Forty years ago, we celebrated the first Earth Day. I was the environmental assistant to the late Sen. Gaylord Nelson, who founded the event and charged me to make it happen.
The project began when the former Wisconsin governor called Chuck Conconi, his press secretary, and me into his office in September 1969. He told us: “See what you can do about having environmental teach-ins on college campuses around the country on the same day next spring.”
Sensing a tremendous opportunity on behalf of the environment, I made it my mission to transform the idea into a national success, using the senator’s public visibility to drive the launch of this vast event. I worked 16 hours a day gaining media attention for the idea, then organizing the rapid response in communities, schools and campuses.
On April 22, 1970, about 20 million people participated in this country alone. Nelson was justifiably pleased. He had made protecting the environment his career, and it seemed that the USA, the world’s chief polluter, was ready to lead a cleanup revolution.
But despite new pollution control agencies in the U.S. and globally, hundreds of new laws and regulations, and the growth of environmental organizations lobbying and setting cleanup goals, the ecological health of the U.S. and much of the world has gotten worse. We now face the granddaddy of all pollution tangles: the warming world climate, degradation of the oceans, decimation of tropical forests, the elimination of mountaintops by coal digging, and the loss of habitats and species. At the same time, the supply of sanitary water around the world has been squeezed by the juggernaut of human population. How long can this go on?
Indeed, the moderate environmental crisis on the first Earth Day has become a wake-up call for the human race as the event’s 40th anniversary approaches. With powerful clarity, the message is coming across that something is grievously wrong. A common trouble is economic systems that are inimical to the environment and modest, efficient resource use. Even national environmental organizations often play by the system’s rules, making compromises with principles as they lobby Congress for least-bad solutions.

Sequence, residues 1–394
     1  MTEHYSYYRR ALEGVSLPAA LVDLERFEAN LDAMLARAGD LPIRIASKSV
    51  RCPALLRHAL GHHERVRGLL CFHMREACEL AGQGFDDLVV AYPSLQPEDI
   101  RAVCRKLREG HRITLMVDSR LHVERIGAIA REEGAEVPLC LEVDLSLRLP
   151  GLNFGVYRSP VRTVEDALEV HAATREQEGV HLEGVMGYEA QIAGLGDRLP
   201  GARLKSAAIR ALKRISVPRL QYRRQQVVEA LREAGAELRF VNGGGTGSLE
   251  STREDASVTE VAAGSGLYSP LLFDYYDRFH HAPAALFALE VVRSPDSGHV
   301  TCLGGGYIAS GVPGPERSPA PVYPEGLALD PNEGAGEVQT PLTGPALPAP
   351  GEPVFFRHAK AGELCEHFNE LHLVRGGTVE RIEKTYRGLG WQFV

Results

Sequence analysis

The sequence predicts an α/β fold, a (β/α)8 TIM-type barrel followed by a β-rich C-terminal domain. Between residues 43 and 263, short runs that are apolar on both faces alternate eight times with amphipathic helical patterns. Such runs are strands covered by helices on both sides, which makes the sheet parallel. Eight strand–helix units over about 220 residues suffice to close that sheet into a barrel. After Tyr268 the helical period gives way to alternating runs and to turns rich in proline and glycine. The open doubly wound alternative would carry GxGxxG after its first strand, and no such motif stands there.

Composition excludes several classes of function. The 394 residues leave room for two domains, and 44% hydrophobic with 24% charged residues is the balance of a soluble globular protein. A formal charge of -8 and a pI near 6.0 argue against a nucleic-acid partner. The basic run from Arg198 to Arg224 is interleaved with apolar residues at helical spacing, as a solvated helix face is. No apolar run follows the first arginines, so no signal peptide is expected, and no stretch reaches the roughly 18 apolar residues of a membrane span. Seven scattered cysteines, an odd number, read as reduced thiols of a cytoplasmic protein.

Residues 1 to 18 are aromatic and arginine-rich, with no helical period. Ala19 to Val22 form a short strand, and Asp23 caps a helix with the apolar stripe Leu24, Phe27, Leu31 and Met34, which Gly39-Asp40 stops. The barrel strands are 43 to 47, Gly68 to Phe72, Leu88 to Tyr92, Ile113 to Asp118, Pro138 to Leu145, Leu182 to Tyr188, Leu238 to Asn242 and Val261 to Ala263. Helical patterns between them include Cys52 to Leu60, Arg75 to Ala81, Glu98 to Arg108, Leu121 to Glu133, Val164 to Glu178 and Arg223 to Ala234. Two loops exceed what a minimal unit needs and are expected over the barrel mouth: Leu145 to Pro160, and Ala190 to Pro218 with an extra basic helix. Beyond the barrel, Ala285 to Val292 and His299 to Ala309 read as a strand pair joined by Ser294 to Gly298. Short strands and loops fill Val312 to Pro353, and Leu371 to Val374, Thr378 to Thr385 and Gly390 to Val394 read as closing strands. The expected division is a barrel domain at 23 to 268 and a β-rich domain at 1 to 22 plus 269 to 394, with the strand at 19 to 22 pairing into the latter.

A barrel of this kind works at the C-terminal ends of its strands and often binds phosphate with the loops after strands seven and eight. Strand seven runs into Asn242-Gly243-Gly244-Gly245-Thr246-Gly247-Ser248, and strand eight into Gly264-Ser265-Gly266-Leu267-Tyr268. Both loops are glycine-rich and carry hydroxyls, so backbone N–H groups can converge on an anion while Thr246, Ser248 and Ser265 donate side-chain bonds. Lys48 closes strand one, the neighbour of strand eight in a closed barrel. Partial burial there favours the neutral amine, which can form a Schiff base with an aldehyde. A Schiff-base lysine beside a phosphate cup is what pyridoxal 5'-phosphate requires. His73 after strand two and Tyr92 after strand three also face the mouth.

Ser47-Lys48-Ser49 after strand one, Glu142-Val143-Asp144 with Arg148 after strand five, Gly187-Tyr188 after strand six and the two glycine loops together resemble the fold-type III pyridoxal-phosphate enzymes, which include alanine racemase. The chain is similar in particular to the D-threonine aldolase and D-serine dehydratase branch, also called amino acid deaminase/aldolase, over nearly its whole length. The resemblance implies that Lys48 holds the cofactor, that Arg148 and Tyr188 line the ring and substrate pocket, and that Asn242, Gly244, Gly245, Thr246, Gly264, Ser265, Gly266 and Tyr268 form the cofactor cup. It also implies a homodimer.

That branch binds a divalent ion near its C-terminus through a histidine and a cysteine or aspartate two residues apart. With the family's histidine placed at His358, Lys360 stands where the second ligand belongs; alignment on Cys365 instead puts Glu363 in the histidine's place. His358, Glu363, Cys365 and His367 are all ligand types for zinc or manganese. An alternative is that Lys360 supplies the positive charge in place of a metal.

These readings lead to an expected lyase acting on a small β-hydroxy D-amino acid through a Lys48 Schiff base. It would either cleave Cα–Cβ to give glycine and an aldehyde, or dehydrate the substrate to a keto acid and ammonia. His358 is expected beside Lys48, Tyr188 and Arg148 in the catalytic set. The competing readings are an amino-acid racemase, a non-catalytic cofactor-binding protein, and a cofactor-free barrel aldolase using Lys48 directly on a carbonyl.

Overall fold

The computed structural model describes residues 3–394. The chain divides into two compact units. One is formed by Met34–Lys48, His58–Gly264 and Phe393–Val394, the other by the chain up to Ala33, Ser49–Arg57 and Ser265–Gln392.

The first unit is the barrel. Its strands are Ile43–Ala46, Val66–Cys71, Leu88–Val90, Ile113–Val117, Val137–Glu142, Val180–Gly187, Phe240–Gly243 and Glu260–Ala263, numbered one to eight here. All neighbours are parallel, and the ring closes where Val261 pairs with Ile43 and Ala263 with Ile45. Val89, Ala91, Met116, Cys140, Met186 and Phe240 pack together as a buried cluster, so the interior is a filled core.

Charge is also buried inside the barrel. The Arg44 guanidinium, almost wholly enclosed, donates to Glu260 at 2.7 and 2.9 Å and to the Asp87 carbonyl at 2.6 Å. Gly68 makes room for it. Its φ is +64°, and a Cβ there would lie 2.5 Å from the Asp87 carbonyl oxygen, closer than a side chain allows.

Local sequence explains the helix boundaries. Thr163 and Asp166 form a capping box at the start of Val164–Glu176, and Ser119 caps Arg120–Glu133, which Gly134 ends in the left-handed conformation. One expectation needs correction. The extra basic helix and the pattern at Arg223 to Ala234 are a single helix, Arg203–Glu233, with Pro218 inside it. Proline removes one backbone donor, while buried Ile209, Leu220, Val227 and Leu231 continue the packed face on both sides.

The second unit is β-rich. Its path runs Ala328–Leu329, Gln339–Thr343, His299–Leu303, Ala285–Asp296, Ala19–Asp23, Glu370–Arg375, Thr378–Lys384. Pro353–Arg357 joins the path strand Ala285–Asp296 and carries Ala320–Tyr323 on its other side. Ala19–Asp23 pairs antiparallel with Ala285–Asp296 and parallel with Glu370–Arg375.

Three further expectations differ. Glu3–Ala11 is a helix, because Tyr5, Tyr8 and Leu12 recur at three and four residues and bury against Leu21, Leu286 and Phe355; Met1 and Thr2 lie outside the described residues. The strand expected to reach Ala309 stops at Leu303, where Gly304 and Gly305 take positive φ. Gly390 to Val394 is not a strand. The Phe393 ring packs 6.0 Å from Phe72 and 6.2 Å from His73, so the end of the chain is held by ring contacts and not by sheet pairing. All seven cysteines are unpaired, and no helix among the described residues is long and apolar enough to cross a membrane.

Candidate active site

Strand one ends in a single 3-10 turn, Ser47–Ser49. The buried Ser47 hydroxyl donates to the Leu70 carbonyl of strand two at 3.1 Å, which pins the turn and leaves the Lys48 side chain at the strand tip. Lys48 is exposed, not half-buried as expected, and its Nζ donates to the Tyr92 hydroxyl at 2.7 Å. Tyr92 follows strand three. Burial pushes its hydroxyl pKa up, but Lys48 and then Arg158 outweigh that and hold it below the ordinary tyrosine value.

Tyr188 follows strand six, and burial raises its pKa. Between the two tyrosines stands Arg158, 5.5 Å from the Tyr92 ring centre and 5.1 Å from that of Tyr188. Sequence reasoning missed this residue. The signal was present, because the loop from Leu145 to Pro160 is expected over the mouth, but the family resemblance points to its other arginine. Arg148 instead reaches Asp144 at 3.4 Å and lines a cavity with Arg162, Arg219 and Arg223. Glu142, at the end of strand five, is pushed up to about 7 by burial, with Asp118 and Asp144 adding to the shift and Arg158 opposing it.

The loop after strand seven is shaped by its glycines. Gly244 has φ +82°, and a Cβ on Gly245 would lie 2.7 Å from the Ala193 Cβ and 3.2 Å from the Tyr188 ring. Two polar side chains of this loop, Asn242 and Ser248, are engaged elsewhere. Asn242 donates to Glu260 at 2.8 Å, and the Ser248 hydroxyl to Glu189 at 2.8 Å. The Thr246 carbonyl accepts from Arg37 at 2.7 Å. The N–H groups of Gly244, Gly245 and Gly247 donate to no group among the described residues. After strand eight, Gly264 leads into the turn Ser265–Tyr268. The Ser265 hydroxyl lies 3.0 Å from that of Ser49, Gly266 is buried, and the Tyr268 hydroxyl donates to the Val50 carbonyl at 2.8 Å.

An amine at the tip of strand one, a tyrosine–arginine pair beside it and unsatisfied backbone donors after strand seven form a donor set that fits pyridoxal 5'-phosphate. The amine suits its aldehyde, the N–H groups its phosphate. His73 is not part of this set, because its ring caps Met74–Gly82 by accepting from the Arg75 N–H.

Given the record of the last 40 years, the focus of this Earth Day should be to initiate widespread discussions on policies that break from the present environmental quagmire and respect ecological rules. The key word is “sustainability”: practices to follow that don’t endanger the planet’s life-support systems.
In fact, numerous cases exist in which individuals, communities and even nations are taking steps to live in long-term harmony with the natural environment. A few examples:
• Food: Supporting farming practices that don’t wear out the soil, maintaining genetic diversity, and shifting to lower-food-chain diets.
• Population: Having smaller families by using birth control.
• Transportation: Investing in technology and land use planning to reduce the travel need.
• Residential: Shading and insulating homes and businesses to reduce heating and cooling needs.
• Energy: Investing in nonpolluting sources of energy and reducing overall energy needs.
This Earth Day urgently needs to advocate such methods for the health and safety of our planetary home. Copenhagen resulted in some initiatives, such as greater protection of forests, but it did not meet the challenge. While it is considering cap-and-trade and other controls on climate warming, Congress is as far from fundamental environmental reform as it ever has been. The federal Environmental Protection Agency has recently declared greenhouse gases major pollutants to regulate, but industry is already fighting the step.
Famed environmental scientist Rene Dubos said, “Think globally; act locally.” Will the innovators and risk-takers step forward and demonstrate what Dubos meant, with his emphasis on more tender care of the Earth built on a foundation of individual and community initiatives, boldly challenging the status quo? The goal would be a sustainable quality of life, and wiser management of nature’s wealth and productivity. To honor Sen. Nelson and his profound understanding of ecological limitations, the time between now and April 22 would be ideal to begin exploring such an environmentally benign system of human living.